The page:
"you're In Good Hands"................

Discussion in 'Et Cetera, Et Cetera' started by B_caneadea, Jan 3, 2006.

  1. B_caneadea

    B_caneadea New Member

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    Have you ever experienced fire, flood, tornado, hurricane, earthquake or other disaster? Details, please.
     
  2. headbang8

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    Lots of earthquakes, small to middling. I spent most of my life in Japan in tall office buildings or high-rise apartments, built to sway when an earthquake strikes. My reaction was seasickness.

    I got quite blase about minor earthquakes after a while. Once, I had a houseguest who worked for the Australian National Gallery in Canberra. She was in Tokyo to deliver a painting for a Matisse exhibition at the Tokyo Museum of Western Art, and stayed on a few days after.

    I was cooking dinner and she was on the phone ot her family. She stammered in the conversation for a moment as she called to me in the kitchen..."Headbang...are we having an earthquake?"

    I looked up at the utensils hanging above the stove, and saw that yes, sure enough, they were swaying to and fro. (that, or the curtains, were my pendulum of choice to judge whether we were having a quake) "Yes," I said, "Nothing to worry about."

    As a woman who had just delivered a priceless painting across the equator, she felt a little differently. A quick call to the gallery revealed that the painting had done nothiong more than sway a little, just as the earthquake-proof hangers were designed to do.

    A great deal of the Japanese built environment is designed with eartquakes in mind. Furniture is screwed or strapped to the wall. My partner bought a new refrigerator when we set up his apartment, and I was amazed at the design--there are countless compartments, straps, bars and what-not to hold food in place if the fridge should need to go for a little walk. And the fridge itself is strapped to the wall.

    He's a lot less blase about earthquakes than me, though. He lived through the big one in Kobe in 1995, and so our Tokyo apartment is tight as a drum, earthquake-wise. The only thing I can see that is capable of tipping over is the Christmas tree--and given the rarity of Christmas trees in Japanese households, I don't think they've designed a quake-proof tree stand.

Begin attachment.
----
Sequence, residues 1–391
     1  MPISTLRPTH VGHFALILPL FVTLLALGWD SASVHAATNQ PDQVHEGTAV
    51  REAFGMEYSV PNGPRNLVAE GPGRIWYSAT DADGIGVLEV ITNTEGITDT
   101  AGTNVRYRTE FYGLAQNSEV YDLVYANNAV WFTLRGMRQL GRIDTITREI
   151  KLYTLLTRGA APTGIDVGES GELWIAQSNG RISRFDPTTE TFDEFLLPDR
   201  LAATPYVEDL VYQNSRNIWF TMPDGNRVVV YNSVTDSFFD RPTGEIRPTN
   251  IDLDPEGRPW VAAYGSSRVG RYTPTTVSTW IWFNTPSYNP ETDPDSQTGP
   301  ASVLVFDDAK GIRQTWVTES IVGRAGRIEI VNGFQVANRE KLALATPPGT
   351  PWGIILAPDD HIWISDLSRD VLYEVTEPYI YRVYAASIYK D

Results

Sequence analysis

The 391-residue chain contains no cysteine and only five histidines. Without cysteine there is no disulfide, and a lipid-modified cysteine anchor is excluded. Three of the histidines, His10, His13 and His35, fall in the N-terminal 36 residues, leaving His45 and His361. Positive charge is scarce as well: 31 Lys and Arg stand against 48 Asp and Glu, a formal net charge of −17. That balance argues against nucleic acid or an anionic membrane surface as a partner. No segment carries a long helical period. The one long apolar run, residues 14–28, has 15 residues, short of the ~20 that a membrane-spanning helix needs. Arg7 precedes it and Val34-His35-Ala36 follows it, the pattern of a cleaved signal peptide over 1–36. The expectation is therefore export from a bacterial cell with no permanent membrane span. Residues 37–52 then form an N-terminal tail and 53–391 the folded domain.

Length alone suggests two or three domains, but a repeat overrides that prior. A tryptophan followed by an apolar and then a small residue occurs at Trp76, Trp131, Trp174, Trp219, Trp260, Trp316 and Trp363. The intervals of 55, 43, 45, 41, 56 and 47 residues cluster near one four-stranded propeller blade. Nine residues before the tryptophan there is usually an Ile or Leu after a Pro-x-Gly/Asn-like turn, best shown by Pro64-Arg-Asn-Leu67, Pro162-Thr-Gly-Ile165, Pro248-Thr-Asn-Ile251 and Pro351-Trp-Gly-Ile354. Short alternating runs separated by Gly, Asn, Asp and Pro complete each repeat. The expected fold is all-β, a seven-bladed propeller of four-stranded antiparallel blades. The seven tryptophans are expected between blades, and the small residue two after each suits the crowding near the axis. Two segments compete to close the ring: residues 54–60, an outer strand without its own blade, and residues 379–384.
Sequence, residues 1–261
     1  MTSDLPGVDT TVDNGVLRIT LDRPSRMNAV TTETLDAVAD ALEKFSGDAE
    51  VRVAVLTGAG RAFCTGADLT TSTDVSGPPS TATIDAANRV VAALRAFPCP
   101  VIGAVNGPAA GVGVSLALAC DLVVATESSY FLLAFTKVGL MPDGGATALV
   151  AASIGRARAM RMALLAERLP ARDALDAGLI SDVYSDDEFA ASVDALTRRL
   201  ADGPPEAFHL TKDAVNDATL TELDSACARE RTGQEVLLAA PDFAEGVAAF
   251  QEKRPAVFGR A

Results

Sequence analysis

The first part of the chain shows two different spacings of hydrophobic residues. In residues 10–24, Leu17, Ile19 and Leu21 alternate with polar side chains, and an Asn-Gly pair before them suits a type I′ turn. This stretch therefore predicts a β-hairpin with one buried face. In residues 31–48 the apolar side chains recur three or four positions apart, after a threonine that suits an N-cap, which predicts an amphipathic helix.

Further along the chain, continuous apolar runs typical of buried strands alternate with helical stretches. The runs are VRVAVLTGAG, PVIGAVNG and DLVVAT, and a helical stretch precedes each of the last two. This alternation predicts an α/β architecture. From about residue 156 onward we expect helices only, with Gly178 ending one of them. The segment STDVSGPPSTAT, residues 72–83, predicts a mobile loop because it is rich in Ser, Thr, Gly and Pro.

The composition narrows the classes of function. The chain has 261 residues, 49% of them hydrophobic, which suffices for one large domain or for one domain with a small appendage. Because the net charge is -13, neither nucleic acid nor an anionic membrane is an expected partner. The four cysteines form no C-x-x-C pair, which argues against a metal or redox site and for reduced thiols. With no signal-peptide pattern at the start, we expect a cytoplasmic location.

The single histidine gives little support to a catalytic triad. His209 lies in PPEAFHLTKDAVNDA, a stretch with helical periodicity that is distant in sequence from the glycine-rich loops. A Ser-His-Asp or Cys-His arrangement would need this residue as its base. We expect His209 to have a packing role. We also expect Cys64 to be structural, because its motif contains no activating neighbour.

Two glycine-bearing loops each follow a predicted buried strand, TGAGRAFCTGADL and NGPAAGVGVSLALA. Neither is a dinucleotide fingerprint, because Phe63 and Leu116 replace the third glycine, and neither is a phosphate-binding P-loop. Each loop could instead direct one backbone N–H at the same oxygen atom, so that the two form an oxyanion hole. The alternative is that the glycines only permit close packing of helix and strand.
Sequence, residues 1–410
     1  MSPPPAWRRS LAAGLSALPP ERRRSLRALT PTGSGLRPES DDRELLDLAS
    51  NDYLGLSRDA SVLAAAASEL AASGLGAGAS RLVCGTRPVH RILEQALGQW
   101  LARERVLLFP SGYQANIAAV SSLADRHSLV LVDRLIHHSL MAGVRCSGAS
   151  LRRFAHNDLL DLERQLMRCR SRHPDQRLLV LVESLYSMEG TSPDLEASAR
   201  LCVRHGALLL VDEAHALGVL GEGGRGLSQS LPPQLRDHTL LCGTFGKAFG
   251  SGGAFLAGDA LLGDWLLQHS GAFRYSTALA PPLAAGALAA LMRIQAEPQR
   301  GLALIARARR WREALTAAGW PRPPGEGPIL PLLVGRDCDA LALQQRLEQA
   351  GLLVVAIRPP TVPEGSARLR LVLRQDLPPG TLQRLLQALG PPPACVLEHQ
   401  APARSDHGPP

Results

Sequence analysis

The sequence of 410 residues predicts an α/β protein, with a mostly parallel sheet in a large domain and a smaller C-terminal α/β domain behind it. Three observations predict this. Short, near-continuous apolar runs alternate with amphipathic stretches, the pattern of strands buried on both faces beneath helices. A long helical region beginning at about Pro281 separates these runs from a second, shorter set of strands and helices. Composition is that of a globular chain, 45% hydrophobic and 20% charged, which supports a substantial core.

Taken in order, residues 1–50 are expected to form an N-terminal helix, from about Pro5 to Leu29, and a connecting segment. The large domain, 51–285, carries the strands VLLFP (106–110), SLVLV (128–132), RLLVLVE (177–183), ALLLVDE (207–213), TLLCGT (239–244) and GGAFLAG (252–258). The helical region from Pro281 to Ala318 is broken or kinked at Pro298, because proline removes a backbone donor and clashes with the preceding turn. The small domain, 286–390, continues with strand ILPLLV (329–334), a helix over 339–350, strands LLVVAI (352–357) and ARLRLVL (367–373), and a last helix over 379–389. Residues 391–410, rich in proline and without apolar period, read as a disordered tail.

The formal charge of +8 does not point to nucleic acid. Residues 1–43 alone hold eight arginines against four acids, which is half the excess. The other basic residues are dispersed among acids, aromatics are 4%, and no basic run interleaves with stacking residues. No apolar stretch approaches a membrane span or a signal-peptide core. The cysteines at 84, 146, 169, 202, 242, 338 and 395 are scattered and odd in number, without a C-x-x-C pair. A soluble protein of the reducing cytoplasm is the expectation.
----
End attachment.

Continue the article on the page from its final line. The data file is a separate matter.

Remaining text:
Of course, I consider myself blessed not to have suffered as I know so many Japanese have in earthquakes over the years.

    HB8
     
  3. Onslow

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    Fire--yes, it was 1982 and the building I was living in started getting smokey, I saw the smoke creeping in under the door of the apartment and lost my mind--some say I never got it back. I went by the window, looked out, considered my odds of surviving a 40 foot drop and then waited a few seconds before I opened the window and took a better look at what was below as I watched a fire truck pull up. The fire was brought under control and I exited through the main door of the building with the assistance of a very sexy fireman, who escorted me to an ambulance and I was whisked away to a hospital for smoke inhalation. To this day I am worried about fires.


    Tornado--Oh for crying out loud I was born in Oklahoma and have lived in Arkansas and Missouri. Seen a few approaching, narrowly been missed by most, was in a basement of a church once as the tornado took away almost the entire building above, never actually sucked up into one though. The closest near death tornado was in 1980 while living in Arkansas when I saw the sky turn that sickly color followed soon after by a dark mass--it didn't look particularly funnel like to me--it got closer and took off the roof of a building some 100 feet away and then went along the rest of its route destroying a few more things along the way. When asked after why I didn't take shelter, I just took another drink from the bottle in my hand and shrugged off the incident. These days I live in non-tornado land but have the occasional high wind snowstorms and ice storms to contend with--a fair trade off.
     
  4. Sam1070

    Sam1070 New Member